As students at this university, many of us go about our lives at Fairfield without recognizing the employees who are responsible for keeping the university going. These maintenance workers are responsible for the university functioning in regards to electricity, plumbing and other campus facilities.

Recently, however, several of these maintenance workers, such as Pat Bike, a plumber, Alex Sency, a locksmith and John Minopolis, Jr., an electrician, felt that the University had been doing them an injustice. They had noticed that there was an increase in the amount of outsourcing for other workers to complete the tasks that the Fairfield maintenance staff is responsible for.

Many of these workers are confused as to why the University is outsourcing for other workers when there is already a capable maintenance staff at Fairfield.
“It seems like a smaller engineering department and more outsourcing would wind up costing the university more money,” said Andres Puerta, an organizer with the International Union of Operating Engineers – Local 30, the union which the engineering crew at Fairfield are members of.

Bike shared that one of the major concerns of the maintenance staff is how this outsourcing is affecting their ability to make a living.

“We’re concerned employees. This is our livelihood, we want to stay here. A lot of us have put in a lot of time here,” Bike said, noting that he feels the University is not taking into account the years of service many of the workers have put in at the school, and the fact that outsourcing may hurt the workers and their families.

Based on their concern, the maintenance staff sent a letter to President Jeffrey von Arx, S.J. requesting an opportunity to sit down with him and discuss why the University is outsourcing for jobs that the maintenance staff is capable of completing themselves.

According to Sency, a locksmith, the maintenance staff wanted von Arx to show them that outsourcing is more cost effective, if that’s the case, in an in-person meeting.

However, von Arx wrote in response to their letter that given that the maintenance staff is part of a union, they must communicate through their union representatives only, saying that “unionization introduces a contract in the form of a collective bargaining agreement that outlines formal lines of communication through your union representatives.”

For Puerta, von Arx’s refusal to meet with the maintenance staff in person is going against the Jesuit values that the University prides itself upon.

“This is a values issue. He should be willing to sit down with the workers and explain. I think that the Catholic Church would support that. He should at least listen to their concerns,” Puerta said.

Sency agreed, saying that “every employee that comes up with an idea to save money should be listened to regardless of what you do, whether you’re a plumber, or a vice president,” arguing that the maintenance workers should be able to express their thoughts to von Arx directly.

For Bike, this entire experience has taught him that the University “doesn’t practice what it preaches” in terms of Jesuit values.

For Puerta, “the University needs to care about what the issues are that are affecting the people that work on campus because the students care about that.”

Senior Estevam Machado feels that the maintenance staff deserves to be informed of why the University is outsourcing. “I think both parts should act as fair as possible. I think the University should be clear with the maintenance workers why it is doing what it is doing. They should explain what they have to explain. This way we can have a just employment system.”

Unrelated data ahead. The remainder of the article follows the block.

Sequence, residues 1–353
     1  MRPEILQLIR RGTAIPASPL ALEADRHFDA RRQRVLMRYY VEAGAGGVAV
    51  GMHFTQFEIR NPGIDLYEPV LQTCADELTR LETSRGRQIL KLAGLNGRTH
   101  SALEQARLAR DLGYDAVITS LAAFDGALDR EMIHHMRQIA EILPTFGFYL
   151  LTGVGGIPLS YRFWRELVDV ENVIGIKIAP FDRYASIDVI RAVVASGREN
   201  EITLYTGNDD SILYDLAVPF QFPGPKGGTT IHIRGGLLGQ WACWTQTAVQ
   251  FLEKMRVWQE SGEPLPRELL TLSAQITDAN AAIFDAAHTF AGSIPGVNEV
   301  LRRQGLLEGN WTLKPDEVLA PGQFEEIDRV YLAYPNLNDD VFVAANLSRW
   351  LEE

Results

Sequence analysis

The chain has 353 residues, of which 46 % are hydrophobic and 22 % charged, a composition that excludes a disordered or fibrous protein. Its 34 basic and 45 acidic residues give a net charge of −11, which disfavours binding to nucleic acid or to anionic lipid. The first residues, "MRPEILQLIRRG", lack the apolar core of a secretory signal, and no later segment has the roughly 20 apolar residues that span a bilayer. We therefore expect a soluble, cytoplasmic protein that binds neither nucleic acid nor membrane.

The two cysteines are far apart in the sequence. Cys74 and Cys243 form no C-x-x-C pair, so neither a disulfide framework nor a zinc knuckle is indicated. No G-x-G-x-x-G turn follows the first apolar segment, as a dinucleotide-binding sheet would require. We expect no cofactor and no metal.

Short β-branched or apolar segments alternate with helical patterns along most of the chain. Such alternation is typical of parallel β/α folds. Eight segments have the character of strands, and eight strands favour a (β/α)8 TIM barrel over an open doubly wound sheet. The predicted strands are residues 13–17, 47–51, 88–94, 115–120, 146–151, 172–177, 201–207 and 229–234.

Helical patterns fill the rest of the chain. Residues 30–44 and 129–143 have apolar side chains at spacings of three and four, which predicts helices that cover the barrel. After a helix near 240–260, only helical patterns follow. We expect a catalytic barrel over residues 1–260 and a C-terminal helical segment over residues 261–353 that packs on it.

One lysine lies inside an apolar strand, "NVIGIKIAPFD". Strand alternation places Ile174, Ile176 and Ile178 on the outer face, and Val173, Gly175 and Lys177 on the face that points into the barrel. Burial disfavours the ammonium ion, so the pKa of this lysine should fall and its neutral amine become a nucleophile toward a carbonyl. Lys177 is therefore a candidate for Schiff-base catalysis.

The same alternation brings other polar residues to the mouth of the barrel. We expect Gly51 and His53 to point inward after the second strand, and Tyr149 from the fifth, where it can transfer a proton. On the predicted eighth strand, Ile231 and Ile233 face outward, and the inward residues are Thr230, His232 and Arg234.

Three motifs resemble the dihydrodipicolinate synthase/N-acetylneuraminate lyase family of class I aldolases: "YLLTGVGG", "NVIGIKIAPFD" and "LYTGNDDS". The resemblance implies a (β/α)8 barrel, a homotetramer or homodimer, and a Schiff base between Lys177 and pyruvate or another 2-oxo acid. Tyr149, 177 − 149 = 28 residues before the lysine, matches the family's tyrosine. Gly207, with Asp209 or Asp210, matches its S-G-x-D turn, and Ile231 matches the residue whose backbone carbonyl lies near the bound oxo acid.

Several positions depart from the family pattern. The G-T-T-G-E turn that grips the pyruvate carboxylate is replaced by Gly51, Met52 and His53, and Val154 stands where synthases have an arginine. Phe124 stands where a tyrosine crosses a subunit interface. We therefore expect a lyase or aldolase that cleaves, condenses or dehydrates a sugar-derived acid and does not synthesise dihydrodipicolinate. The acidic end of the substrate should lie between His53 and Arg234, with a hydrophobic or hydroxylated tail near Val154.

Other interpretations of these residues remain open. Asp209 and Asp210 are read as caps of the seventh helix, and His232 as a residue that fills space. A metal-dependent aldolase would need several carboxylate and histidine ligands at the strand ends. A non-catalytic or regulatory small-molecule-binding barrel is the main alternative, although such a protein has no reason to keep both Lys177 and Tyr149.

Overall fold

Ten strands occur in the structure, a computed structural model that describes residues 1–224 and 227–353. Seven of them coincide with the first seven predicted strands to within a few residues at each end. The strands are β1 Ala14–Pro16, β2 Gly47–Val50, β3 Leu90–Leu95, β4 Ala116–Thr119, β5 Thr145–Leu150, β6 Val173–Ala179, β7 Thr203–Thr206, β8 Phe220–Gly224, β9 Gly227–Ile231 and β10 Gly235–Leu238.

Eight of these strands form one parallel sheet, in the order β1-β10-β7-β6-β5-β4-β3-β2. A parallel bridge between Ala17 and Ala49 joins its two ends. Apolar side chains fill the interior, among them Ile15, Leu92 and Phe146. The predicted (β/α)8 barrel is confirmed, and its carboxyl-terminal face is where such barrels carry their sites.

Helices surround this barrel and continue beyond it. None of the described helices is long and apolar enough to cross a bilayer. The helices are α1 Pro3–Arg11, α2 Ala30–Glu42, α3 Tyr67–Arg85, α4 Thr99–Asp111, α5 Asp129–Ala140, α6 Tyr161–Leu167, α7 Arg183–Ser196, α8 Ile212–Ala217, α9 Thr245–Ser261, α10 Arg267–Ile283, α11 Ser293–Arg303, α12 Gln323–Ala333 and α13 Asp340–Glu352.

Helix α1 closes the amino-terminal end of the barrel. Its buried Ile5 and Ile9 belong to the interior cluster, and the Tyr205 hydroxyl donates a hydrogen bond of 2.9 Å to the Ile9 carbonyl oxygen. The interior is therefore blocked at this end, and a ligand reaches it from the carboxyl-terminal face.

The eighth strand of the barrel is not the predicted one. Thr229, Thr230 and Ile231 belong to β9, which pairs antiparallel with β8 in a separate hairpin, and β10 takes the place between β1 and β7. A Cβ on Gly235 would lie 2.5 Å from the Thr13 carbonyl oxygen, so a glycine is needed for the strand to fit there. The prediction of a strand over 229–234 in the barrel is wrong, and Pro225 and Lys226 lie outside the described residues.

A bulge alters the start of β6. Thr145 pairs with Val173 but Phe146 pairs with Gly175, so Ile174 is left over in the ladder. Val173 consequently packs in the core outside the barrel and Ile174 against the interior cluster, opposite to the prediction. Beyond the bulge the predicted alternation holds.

For von Arx, his refusal to meet with the maintenance staff directly has to do with the rules regarding unions.

Our maintenance staff is represented by the Operating Engineers, Local 30. While we value and appreciate the good work they do, the University is obligated to communicate through the union rather than directly with the staff on all work related topics. We respect and honor this relationship and will continue to respond to all inquiries through the proper channels,” von Arx stated.

Another issue concerning the maintenance staff which they wish to bring up to von Arx is the conditions of the workers Fairfield is outsourcing for. According to Puerta, “There’s this moral obligation that if people are on campus and they’re working, then they should have living wages for their families, have job security and they don’t know that’s true necessarily for everyone that comes in to work.”

Minopolis, Jr., an electrician at Fairfield, added that “you know these men aren’t getting fair wages and getting the benefit packages. How much better would it be to show to the community, ‘Let’s hire these men in-house, and give their families and children a free education,’ where that opportunity might never happen for them. Break that cycle maybe. It’s a wonderful thing. It’s a beautiful thing. It’s a Christian thing.”

Currently, according to Puerta, “the workers are preparing to go into negotiations for the second contract. They’re waiting for a response from the administration on the dates of the negotiation.”

“This semester, the workers will be sitting down and negotiating a new agreement with the University,” Puerta continued, noting that they will be meeting with David Frassinelli, associate vice president for Facilities Management, Peter Crowley, director of Facilities Management, and the University’s attorney. Puerta explained, however, that even though the staff will be able to meet with these representatives, they still wish to speak with von Arx directly instead of going through intermediaries.

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---- Managing Editor Emeritus---- English: Professional Writing

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